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Bid On The World's Oldest-Known Bespoke Bentley To Book-End Your Brooklands

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On: Thu, Jun 30, 2011 at 9:15AM | By: Andrew W Davis


Bid On The World's Oldest-Known Bespoke Bentley To Book-End Your Brooklands

When it comes to the winners of the world’s major automotive-endurance races, it’s usually the cars that have won the 24 at Le Sarthe that command the most respect and highest prices.

When buying a classic Bentley—cars once famously derided in-period by no less than Ettore Bugatti as the “world’s fastest trucks”—the same applies. And though you may not know it by looking at their modern line-up, Bentley was chief ass-kicker at Le Mans once upon a time, winning the full-day racing event outright four CONSECUTIVE times, 1927-1930.

Those winning “trucks”—and certain of their contemporaries—would easily be multimillion-plus-dollar cars if ever they were sold at auction, which they VERY rarely are. But those are the genesis for Bentley’s RACING heritage. What about the company itself? What would the VERY FIRST “bespoke” Bentley be worth? We’re about to find out…

Brought to you by the same auction house that’s selling the Whittell Duesenberg I covered a few features ago, Gooding & Co., and at the very same sale, the “oldest surviving production Bentley”—a 1921 3 Litre “Chassis 3”—will find itself on stage and under the gavel.

Here’s Gooding’s spiel on this automobile:

“One of the most important Bentleys in existence, this 1921 Bentley 3 Litre was the first customer car to leave the Bentley factory. Chassis 3 is an extraordinary, matching-numbers car with brass brightwork and an original aluminum body with fully disappearing top as specified by the first owner. It’s participation in Vintage Bentley rallies, and many other recent events, attests to the car’s usability. Chassis 3 is a special addition to Gooding & Company’s Pebble Beach Auctions this August, and its estimate is available on request.”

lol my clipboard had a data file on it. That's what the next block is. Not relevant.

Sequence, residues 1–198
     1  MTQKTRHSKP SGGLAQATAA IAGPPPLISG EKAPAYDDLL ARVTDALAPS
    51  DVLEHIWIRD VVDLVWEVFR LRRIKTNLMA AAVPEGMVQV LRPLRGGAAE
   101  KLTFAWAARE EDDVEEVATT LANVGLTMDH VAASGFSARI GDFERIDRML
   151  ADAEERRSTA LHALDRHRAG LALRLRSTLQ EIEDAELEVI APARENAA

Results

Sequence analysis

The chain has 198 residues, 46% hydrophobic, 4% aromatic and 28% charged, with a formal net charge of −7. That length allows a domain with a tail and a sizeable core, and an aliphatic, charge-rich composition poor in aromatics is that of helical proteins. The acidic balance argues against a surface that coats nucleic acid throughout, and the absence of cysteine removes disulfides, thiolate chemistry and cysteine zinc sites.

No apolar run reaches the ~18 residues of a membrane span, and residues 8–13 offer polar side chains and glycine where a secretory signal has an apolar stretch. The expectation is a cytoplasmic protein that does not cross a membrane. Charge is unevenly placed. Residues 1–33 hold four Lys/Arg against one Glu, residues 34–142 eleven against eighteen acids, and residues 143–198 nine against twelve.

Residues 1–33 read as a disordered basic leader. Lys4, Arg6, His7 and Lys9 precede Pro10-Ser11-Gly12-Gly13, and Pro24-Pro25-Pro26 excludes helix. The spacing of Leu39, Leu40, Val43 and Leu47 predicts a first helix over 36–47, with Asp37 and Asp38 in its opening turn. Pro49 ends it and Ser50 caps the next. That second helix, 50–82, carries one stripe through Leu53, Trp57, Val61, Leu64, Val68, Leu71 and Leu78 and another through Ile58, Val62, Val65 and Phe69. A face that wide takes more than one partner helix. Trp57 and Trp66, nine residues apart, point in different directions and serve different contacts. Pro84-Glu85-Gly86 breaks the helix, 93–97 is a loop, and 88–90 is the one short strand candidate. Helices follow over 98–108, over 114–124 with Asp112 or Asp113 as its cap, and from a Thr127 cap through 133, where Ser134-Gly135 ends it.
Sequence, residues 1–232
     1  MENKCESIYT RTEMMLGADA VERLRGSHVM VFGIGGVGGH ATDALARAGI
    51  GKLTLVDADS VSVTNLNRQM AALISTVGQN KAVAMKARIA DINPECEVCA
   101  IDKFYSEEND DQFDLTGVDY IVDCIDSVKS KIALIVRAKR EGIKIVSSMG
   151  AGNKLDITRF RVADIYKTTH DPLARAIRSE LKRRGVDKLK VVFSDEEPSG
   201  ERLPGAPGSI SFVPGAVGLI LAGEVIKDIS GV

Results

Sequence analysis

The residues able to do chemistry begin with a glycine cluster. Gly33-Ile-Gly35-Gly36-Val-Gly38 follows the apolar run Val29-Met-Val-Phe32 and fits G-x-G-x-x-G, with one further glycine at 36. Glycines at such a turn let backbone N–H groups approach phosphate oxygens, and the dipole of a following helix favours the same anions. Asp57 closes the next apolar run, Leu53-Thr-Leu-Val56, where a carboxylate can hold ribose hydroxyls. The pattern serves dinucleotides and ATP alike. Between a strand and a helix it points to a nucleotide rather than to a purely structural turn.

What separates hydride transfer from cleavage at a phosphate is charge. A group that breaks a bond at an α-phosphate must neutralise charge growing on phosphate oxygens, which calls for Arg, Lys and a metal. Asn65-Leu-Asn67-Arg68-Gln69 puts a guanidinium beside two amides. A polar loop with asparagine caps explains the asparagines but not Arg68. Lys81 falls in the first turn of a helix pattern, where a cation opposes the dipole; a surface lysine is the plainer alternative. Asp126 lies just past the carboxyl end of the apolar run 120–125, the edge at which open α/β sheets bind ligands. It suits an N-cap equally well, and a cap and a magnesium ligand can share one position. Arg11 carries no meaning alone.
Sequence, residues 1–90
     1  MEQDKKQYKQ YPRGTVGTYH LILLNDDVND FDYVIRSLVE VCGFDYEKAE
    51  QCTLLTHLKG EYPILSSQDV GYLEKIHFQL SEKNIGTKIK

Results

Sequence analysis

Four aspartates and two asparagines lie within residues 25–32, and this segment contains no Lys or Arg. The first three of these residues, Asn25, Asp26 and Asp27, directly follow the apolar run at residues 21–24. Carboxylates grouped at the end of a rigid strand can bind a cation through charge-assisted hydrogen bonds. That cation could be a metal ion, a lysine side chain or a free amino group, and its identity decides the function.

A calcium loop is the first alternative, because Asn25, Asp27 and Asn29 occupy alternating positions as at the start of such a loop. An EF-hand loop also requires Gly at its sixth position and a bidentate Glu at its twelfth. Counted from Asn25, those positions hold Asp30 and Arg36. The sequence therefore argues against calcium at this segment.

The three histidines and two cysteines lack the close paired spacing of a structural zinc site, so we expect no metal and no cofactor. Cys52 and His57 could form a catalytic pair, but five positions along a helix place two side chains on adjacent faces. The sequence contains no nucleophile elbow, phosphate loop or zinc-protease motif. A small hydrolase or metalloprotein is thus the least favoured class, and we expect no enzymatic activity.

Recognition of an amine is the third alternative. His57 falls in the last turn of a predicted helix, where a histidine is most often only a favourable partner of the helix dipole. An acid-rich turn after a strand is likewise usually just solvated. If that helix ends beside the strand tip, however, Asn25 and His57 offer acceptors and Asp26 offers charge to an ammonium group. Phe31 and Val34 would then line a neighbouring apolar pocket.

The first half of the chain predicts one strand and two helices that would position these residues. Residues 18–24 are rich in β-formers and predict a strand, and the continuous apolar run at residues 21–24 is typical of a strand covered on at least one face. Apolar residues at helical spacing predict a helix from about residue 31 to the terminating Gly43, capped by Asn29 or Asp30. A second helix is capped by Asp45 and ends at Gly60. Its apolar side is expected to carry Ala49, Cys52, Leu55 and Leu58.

Now I’m just a snot-nosed whippersnapper, so this car holds very little value for me, and I’d happily choose Whittell-the-lion-cub-owner’s Duesy—or most ANY Duesenberg, honestly—over it seven days a week and twice on Sunday.

I’m not a fan of cycle fenders, spindly wire wheels, fabric bodies, and pretty much anything else you’ll find on a car like Chassis 3. For me the 24 Hours winners I’d want are all post-WWII and/or German or Italian. But mostly German.

“And this,” I can hear the Bentley Boys cry from beyond the grave, “is why God has deemed you unworthy of the riches that buying a car like this requires.” “Oh, and while we’re at it,” they continue, “Tell Audi to knock it off. One win is great, four-in-a-row is legendary, but thirty-eleven or however many wins they have now is just crass showing-off.”

You can be in the presence of this fine automobile—what little there really is of it—at the “Pebble Beach Equestrian Center, one mile from the Pebble Beach Concours grounds and one of the many awe-locations along Carmel’s famed 17-Mile Drive.”

Also, “lots are available for viewing starting Wednesday, August 17, at 10 a.m. and continuing through the sale itself, held Saturday, Aug. 20, from 5 p.m. and Sunday, Aug. 21, from 6 p.m.”

Got all that? If not, search for “Duesenberg” on this site and you can read the full run-down on the event at the bottom of that other car’s write-up. While you’re there, read all about the rootin’est, tootin’est and sharp-shootin’est man’s man that ever owned a lion and (several) Duesenbergs at the same time.

I see nothing in the Bentley’s description about lions. Gimme a good lion story to go with it and I’ll reconsider spending money I don’t have on a car I don’t deserve…


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